C.O.S.I. in Columbus, Ohio, 1986

An eight worm
binary riddle:

A row of eight columns thrum as they stand inflated to their full sixty foot height.

Suddenly the hum of the blowers stops and the plastic tubes come spiraling down, sliding and nudging themselves in sensuous, rolling shapes. As they slowly approach total collapse in limp shapes on the floor, something stirs at the end of the row.

The last column has come to life. It twists and jumps as it inflates and climbs back up in a solitary effort to stand at full extension for only a moment, before it falls again. But as it does, the second pile stirs and rises majestically to full height for a moment before it is joined by the end tube which has once again become active.

Nearby, a printed circuit board asks" How many flies does the worm dance equal?"

 The tubes are, in fact, an eight-bit binary counter. The least significant tube, the active one on the end, equals "one" when inflated.The tube at the other end, the most significant one, equals one hundred and twenty eight when inflated. This "byte" of worms can express any number up to two hundred and fifty five (two to the seventh power minus one.) Binary numbers are at the root of digital computers.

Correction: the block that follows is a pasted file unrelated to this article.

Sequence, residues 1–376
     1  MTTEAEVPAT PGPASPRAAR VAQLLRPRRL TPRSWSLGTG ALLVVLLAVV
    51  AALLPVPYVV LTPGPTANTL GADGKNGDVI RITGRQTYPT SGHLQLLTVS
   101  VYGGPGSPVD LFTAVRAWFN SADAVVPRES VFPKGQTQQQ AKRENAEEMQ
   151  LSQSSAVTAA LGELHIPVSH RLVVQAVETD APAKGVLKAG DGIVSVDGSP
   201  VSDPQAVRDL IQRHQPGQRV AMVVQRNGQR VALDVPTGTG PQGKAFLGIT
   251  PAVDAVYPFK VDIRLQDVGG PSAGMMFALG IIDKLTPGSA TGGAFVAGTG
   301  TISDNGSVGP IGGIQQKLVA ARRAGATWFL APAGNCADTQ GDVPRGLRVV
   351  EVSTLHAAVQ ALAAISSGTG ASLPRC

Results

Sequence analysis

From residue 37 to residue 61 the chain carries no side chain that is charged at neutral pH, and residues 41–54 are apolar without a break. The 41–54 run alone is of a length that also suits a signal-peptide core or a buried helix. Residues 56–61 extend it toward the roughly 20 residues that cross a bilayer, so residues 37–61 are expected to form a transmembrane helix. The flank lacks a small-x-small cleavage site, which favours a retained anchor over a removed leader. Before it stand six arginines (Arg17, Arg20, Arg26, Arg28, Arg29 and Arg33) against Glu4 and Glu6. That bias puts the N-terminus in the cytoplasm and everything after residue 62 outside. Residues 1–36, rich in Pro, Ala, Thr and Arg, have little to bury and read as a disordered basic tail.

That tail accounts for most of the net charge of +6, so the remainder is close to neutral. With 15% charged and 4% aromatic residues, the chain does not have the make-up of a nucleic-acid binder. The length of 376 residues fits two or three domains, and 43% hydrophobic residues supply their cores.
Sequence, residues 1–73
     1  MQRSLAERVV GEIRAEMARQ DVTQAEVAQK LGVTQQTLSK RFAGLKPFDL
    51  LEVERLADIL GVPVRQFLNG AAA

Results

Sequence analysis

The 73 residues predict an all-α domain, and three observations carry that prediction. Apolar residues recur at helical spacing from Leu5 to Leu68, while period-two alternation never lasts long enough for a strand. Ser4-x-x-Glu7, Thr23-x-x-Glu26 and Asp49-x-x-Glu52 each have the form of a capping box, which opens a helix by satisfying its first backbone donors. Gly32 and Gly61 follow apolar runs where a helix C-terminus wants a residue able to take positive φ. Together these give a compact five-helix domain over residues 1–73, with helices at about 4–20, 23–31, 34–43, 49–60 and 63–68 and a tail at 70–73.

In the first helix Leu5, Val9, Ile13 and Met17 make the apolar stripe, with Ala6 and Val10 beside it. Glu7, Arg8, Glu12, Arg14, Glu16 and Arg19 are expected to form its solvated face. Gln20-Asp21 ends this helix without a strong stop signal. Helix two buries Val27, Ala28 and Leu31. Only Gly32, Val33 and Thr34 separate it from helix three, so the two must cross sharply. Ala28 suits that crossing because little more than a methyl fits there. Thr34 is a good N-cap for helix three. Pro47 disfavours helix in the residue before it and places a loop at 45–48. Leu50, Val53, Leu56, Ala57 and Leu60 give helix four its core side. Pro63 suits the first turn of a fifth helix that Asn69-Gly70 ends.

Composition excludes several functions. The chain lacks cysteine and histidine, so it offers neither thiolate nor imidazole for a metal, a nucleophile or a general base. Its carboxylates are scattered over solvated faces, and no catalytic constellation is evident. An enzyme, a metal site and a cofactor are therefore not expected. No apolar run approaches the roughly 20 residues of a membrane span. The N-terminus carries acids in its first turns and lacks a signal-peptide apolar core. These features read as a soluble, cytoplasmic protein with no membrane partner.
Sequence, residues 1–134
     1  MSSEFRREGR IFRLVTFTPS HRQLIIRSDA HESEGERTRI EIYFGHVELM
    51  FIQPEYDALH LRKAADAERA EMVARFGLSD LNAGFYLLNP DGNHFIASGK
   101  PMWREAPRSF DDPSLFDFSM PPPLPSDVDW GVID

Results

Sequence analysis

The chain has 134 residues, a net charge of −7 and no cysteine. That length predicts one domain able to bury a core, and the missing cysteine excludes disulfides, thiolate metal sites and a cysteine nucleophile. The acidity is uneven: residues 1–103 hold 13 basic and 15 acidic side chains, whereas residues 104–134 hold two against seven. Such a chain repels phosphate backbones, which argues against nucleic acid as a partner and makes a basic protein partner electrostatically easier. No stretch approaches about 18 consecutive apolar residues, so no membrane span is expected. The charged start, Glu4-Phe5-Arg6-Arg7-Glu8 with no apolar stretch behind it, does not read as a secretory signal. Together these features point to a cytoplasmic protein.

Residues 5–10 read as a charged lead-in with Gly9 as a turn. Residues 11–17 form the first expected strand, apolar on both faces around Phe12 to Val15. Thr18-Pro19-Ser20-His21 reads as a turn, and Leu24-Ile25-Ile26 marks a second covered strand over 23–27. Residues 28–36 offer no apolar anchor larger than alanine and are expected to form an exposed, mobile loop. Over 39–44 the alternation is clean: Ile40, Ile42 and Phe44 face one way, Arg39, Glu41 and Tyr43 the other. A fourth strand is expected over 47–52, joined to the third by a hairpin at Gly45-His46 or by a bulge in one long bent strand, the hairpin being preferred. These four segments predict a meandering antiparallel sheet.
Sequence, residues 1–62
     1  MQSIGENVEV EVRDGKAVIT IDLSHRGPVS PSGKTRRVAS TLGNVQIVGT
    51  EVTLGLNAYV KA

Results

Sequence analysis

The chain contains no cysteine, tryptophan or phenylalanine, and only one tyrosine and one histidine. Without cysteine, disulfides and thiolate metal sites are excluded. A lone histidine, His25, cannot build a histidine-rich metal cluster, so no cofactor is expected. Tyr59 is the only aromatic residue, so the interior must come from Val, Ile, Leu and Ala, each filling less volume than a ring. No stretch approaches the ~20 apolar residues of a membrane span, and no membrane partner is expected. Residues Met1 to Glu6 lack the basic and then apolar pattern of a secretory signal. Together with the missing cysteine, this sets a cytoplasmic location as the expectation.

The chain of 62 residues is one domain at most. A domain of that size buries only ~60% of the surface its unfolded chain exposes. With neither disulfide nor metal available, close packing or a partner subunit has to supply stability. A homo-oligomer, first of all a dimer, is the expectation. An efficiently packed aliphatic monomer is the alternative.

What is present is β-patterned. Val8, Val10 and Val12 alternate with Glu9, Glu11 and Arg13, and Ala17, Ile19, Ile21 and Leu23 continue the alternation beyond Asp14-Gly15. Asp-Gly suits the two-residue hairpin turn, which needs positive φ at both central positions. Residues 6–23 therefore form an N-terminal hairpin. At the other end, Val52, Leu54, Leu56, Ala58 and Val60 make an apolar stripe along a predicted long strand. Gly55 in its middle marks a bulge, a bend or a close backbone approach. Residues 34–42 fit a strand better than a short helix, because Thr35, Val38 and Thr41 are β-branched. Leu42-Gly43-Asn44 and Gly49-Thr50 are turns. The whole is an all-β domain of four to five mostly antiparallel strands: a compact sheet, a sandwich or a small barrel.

The inflations and deflations of the tubes are controlled by this large (22 by 17 inch) circuit board. This cream colored circuit board (detail shown left) with dark green conductors also functions as a display panel. Its imagery is fancifully drawn, collaged and rubber-stamped to present the principle of binary counting. The display asks the visitor to determine the decimal equivalent of what the tube express in binary and then to press a button which displays the correct answer.

Note: This site has been inspected by the
National Association for the Advocation of the Binary
who has declared "...there is no binary abuse in these worm sculptures."


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